Weekend Gardener

Blog based on my best-selling ebook "The Weekend Gardener"- The Busy Persons' Guide To A Beautiful Backyard Garden by Victor K. Pryles

Saturday, July 01, 2006

Reading Yellow Leaves

Chlorosis, a shortage of chlorophyll that reults in yellowing leaves, can happen to a whole range of plants. The yellow leaves are the plant telling you, "I don't feel well," and could be caused by just about anything., including a whole group of diseases.

But if it is happening slowly and there are no other symptoms like curling, spots, brown edges or wholesale leaves dropping, it's likely your plants are either waterlogged or hungry. They might also be suffering from an iron deficiency, though this is less common than was once thought.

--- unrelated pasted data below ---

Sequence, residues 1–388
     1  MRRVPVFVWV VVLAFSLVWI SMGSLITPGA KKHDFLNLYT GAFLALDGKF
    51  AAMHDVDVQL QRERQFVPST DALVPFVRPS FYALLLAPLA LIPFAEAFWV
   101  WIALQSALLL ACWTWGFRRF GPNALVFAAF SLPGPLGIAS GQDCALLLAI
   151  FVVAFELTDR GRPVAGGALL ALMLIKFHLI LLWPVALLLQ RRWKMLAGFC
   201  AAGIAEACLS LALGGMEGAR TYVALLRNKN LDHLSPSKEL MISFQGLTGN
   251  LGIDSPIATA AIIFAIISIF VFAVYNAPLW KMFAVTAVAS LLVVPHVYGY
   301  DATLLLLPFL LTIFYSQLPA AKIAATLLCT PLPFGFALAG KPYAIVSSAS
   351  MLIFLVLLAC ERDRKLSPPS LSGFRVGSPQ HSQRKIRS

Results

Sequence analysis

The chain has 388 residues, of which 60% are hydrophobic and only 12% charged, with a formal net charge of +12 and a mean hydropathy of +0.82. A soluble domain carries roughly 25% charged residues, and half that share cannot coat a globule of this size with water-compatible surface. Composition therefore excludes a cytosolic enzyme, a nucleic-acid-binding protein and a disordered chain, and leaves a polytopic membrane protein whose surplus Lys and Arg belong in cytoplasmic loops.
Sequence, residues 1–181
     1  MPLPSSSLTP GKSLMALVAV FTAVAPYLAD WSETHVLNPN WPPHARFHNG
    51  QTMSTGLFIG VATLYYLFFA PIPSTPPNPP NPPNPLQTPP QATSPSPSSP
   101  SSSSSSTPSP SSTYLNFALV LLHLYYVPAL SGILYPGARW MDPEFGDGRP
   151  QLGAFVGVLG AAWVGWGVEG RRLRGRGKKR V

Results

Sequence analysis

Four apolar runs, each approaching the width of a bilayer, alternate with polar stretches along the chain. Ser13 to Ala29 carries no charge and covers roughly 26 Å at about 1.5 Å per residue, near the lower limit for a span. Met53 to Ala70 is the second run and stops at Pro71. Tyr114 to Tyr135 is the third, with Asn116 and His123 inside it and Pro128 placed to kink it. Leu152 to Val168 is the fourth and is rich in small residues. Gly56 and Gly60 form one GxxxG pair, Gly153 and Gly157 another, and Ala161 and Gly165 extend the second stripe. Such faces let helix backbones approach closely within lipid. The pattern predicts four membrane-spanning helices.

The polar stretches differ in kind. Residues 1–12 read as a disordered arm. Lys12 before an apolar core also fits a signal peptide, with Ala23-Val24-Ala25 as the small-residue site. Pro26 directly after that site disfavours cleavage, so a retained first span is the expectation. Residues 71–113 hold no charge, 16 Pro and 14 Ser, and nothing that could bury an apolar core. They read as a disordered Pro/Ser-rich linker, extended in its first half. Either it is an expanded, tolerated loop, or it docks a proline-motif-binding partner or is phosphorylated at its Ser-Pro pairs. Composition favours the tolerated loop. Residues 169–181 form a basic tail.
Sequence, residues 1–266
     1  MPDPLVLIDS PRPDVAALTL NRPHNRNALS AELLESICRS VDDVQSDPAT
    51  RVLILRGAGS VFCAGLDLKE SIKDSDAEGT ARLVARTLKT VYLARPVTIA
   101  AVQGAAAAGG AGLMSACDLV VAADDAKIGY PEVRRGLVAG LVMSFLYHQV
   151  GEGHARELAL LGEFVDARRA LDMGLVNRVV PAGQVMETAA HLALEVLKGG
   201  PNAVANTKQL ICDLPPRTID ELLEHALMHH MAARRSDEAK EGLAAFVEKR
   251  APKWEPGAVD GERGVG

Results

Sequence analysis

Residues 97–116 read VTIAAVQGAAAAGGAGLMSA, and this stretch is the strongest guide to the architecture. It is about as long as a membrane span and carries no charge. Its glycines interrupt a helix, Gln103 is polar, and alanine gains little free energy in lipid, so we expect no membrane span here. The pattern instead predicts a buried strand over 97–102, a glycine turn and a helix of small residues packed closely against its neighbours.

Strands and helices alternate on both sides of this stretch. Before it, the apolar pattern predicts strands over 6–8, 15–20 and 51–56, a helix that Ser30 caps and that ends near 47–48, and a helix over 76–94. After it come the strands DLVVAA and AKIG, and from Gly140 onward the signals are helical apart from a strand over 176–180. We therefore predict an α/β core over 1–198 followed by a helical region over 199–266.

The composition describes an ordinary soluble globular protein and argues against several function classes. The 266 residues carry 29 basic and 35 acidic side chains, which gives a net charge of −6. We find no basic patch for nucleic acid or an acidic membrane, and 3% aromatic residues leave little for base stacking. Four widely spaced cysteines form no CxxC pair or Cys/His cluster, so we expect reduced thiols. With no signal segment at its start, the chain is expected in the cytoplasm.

Since you are watering everyday, assume that is the problem. If your soil is heavy clay, frequent watering could be drowning the roots. If it's sandy, chances are that constant watering is leaching nutrients from the soil. Either way, the solution is simply to cut back on the water a bit; it's alright for the surface soil to dry out, and the root zone should be moist, not wet.